There is no audio available online of shows Sinema co-hosted with Farias. However, there is audio available of some episodes from after Sinema departed. Several episodes that aired in 2006 and 2007, months after Sinema left the program, feature Farias discussing 9/11 conspiracy theories, including promoting the 9/11 truth film “Loose Change,” which sets forth an unfounded theory alleging US government involvement in the September 11, 2001, terrorist attacks.

CNN’s KFile found no evidence that Farias promoted those theories when Sinema was a co-host or that Sinema endorsed such theories at any time. In a phone interview with CNN’s KFile, Farias said that his show with Sinema mostly revolved around local issues, although callers sometimes brought up national ones.

While Farias said that he and Sinema never discussed 9/11 on or off the air, Sinema’s continued association with him long after he became prominent in the 9/11 truth movement shows how her left-wing activism brought her into contact with the those on the left who held fringe views during her political rise.

Farias said Sinema left the program after the station that broadcast it was sold because she was too busy to resume as co-host by the time the show was ready to be aired on a new station.

Farias, who went on in February 2007 to serve as the master of ceremonies at a 9/11 truther conference in Arizona, continued to host a radio program. On his personal website launched in March 2007, he described “9/11 truth” as a topic that would be discussed frequently on his show, along with the issues of impeaching President George W. Bush, immigration, and the conflict between Israelis and Palestinians.

Archived web pages online show that Sinema appeared on Farias’ various radio programs at least five times since they stopped doing the “Truth to Power Hour” together. A review by CNN’s KFile found appearances listed in August 2012, April 2010, twice in July 2009, and in 2008. The audio of the programs is not archived online.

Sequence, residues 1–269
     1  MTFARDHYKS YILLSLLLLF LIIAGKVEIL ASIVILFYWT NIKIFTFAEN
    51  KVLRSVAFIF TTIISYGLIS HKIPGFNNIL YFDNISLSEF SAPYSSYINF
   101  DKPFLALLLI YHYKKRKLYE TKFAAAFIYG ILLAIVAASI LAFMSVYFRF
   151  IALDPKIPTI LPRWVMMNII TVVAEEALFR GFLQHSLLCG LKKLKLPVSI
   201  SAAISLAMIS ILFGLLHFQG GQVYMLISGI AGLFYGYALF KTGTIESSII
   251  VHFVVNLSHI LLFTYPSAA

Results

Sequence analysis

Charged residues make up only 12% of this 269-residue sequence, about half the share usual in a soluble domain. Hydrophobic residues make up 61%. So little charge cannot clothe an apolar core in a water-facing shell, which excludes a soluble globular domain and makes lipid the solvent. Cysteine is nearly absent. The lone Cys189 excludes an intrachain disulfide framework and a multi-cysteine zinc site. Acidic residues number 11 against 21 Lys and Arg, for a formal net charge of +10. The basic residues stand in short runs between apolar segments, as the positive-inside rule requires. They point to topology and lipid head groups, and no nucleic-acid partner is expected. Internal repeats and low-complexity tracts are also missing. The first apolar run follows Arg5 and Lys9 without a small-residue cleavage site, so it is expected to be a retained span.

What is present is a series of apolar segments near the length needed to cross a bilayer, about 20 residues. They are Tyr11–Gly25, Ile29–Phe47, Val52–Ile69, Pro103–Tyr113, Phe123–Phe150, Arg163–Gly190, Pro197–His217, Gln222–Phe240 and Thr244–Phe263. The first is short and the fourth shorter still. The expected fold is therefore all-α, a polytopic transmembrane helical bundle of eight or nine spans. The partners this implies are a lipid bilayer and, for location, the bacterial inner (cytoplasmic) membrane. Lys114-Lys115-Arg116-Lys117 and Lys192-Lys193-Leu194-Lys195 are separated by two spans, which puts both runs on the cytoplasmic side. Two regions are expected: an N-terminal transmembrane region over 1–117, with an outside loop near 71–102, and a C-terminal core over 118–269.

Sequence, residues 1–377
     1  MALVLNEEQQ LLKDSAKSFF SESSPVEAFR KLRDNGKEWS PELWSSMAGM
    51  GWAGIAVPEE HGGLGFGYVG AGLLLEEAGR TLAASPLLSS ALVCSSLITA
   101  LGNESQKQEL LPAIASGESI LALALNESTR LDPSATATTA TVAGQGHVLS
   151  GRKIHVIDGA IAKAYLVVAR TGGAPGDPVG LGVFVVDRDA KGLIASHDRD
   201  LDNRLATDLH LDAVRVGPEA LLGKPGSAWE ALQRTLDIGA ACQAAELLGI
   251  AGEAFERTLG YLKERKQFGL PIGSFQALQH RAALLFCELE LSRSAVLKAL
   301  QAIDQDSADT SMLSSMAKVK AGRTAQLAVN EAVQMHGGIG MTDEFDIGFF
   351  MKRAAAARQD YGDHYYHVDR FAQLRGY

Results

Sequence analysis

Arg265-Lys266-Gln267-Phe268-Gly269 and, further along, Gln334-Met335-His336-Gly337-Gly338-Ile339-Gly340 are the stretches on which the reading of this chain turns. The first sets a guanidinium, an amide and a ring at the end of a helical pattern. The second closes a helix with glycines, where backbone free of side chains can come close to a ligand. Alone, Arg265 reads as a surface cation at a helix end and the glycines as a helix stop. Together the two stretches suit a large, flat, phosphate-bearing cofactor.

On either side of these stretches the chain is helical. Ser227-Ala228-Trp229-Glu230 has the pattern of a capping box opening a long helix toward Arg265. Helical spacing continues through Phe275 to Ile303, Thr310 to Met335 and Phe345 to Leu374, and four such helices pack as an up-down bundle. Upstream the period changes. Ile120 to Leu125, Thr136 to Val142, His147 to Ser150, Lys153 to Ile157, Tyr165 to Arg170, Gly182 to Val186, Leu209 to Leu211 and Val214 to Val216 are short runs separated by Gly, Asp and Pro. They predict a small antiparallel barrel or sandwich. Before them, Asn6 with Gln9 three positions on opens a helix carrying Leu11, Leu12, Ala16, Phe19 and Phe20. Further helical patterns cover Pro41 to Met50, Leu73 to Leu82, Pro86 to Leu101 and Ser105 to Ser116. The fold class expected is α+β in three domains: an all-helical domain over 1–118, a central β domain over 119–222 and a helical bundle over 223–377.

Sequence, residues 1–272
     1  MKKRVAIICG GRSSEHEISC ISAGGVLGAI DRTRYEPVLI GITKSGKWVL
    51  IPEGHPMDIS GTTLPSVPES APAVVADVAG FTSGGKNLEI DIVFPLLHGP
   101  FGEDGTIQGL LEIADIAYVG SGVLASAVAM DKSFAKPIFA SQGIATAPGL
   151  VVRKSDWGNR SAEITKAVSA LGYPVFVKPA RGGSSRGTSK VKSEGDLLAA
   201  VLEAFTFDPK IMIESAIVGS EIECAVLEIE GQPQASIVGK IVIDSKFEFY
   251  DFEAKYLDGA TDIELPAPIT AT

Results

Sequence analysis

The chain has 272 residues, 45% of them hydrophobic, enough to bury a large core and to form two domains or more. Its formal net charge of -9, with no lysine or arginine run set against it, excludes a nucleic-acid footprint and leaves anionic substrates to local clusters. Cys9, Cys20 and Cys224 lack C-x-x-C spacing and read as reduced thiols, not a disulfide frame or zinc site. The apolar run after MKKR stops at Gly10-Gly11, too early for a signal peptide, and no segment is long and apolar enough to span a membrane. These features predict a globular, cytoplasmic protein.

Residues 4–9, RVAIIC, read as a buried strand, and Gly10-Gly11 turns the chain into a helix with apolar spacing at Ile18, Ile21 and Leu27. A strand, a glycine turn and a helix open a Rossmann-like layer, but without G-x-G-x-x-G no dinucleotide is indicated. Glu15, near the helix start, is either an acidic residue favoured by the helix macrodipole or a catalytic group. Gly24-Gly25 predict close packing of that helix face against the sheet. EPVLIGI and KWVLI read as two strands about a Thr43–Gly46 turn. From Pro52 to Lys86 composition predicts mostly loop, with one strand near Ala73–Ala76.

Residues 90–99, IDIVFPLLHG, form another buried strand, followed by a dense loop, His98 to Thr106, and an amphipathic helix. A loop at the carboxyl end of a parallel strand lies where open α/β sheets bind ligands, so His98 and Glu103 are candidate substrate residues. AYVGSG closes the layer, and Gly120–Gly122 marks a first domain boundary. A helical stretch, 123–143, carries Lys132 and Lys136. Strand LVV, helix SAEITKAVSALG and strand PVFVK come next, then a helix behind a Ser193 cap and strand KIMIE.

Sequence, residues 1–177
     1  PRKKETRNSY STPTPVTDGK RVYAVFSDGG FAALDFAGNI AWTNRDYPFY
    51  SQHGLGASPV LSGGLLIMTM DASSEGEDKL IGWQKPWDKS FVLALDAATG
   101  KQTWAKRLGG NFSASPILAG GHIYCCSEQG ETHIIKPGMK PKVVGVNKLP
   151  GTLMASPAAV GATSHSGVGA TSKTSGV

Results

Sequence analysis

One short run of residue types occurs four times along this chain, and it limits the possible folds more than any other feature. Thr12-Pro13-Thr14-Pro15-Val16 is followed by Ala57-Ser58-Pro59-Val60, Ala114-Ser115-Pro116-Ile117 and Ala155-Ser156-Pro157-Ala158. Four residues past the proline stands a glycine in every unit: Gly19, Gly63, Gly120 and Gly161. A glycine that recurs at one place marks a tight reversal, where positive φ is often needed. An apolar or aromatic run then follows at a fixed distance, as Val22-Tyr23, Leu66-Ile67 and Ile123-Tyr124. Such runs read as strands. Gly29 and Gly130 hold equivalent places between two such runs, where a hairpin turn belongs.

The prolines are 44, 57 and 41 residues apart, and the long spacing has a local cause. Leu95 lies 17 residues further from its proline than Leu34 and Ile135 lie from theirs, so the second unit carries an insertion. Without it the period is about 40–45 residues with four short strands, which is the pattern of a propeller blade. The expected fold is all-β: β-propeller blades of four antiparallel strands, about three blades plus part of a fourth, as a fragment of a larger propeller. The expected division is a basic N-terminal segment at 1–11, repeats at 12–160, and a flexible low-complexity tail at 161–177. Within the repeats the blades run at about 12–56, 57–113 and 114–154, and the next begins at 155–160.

Hare, the campaign spokeswoman, said Sinema was unaware of Farias’ views at the time.

“The implications here are misleading, ridiculous, and yet another example of the lies and distortions that the McSally campaign and her Washington allies are using to try to hide McSally’s record of voting to hurt Arizonans on the issues they actually care about, like protections for pre-existing conditions,” Hare said in a statement.

Farias told CNN he and Sinema are still friendly but no longer in contact. He said the last time he saw her was a few years ago during a trip to Washington, DC.

In January 2015, he posted a photo of himself and Sinema co-hosting their show in September 2005, noting in a comment, “saw the Congresswoman and met staff at her new digs on Wednesday!”

As Sinema has made the jump to national politics, she has said that her views on the use of military force have shifted. In 2012, she told The Hill newspaper her views had evolved over the years. Sinema said she now favors aggressive diplomacy with military intervention as a last resort. She said she would have still opposed the war in Iraq, but supported the war in Afghanistan.

Since joining Congress, Sinema has become consistently more hawkish. She voted against approving the Iran deal and, this past April, backed President Donald Trump’s decision to strike Syria. In 2015, she voted with Republicans to stop admitting Syrian and Iraqi refugees until the vetting process was strengthened.

Farias told CNN’s KFile that he doesn’t think Sinema has abandoned any of her core principles in her shift to the center, saying she had simply adjusted to the necessities of being an elected official in a state with a more moderate Democratic party.

“I think she learned how to play politics,” he said.